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Global Banks and Crisis Transmission

Sebnem Kalemli-Ozcan ()

No 1376, 2011 Meeting Papers from Society for Economic Dynamics

Abstract: We study how the 2007--2009 crisis has changed the impact of financial integration on the transmission of international business cycles, focusing on a sample of 20 developed countries between 1978 and 2009. We find that while increases in financial linkages were associated with more divergent output cycles before 2007, during the recent crisis more integrated countries co-move more. We document that countries with stronger financial ties to the U.S. both directly and indirectly via financial centers experienced more synchronized cycles with the U.S. We then develop a simple general equilibrium model of international banking allowing for both productivity and credit shocks to interpret these empirical findings. Our model delivers the following predictions. When productivity shocks are the dominant source of fluctuations, a higher level of banking integration results in less synchronized business cycles; if financial shocks become the dominant source of fluctuations, then a higher level of banking integration results in more synchronized business cycles.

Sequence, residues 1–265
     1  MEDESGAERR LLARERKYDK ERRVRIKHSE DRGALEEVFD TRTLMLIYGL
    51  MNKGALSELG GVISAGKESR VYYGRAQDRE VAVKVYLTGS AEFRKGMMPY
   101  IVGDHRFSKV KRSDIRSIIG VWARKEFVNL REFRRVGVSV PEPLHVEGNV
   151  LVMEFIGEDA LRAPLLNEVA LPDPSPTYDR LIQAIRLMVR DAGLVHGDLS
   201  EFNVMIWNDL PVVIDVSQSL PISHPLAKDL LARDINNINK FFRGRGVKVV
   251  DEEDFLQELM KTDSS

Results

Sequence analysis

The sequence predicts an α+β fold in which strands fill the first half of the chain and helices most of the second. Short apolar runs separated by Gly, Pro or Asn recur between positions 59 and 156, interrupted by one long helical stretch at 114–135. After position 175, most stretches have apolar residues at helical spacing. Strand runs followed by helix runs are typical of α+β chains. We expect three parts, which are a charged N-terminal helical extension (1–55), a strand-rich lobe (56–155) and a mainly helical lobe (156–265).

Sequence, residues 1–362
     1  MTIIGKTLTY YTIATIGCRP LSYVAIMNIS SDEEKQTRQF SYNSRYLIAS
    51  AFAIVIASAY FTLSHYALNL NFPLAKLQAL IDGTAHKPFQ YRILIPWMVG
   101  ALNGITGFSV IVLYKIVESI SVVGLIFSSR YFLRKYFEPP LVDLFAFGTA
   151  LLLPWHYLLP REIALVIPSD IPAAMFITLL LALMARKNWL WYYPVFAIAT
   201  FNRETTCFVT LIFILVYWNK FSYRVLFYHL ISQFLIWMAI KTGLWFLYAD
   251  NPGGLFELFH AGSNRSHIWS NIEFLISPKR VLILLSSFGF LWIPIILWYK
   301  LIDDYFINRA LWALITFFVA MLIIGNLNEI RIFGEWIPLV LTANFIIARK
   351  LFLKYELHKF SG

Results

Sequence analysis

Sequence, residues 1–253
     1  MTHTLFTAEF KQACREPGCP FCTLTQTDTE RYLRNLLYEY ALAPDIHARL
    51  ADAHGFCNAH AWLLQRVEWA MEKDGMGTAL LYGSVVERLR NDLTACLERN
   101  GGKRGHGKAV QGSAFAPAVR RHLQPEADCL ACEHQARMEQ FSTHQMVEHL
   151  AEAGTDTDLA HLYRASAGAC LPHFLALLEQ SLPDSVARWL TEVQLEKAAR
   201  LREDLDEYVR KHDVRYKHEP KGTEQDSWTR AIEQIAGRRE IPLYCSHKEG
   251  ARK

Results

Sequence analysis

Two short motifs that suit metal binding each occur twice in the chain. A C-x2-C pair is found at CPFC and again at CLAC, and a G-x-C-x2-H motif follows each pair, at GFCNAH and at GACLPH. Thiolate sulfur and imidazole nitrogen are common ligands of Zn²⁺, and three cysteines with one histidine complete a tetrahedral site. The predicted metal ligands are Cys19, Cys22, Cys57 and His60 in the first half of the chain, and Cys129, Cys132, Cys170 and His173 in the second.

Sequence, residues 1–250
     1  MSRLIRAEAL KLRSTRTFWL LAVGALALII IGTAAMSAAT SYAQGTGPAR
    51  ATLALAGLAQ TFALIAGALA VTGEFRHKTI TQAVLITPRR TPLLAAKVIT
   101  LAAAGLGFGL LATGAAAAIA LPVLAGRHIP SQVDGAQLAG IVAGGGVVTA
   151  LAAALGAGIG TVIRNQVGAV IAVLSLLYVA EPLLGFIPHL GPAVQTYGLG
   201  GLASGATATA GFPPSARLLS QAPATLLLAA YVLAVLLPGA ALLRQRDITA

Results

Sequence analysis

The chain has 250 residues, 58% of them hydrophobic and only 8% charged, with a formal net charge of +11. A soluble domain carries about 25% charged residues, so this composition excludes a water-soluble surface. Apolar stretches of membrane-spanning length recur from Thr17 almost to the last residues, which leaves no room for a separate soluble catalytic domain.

Date: 2011
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Related works:
Journal Article: Global banks and crisis transmission (2013) Downloads
Working Paper: Global Banks and Crisis Transmission (2012) Downloads
Working Paper: Global Banks and Crisis Transmission (2012) Downloads
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Persistent link: https://EconPapers.repec.org/RePEc:red:sed011:1376

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More papers in 2011 Meeting Papers from Society for Economic Dynamics Society for Economic Dynamics Marina Azzimonti Department of Economics Stonybrook University 10 Nicolls Road Stonybrook NY 11790 USA. Contact information at EDIRC.
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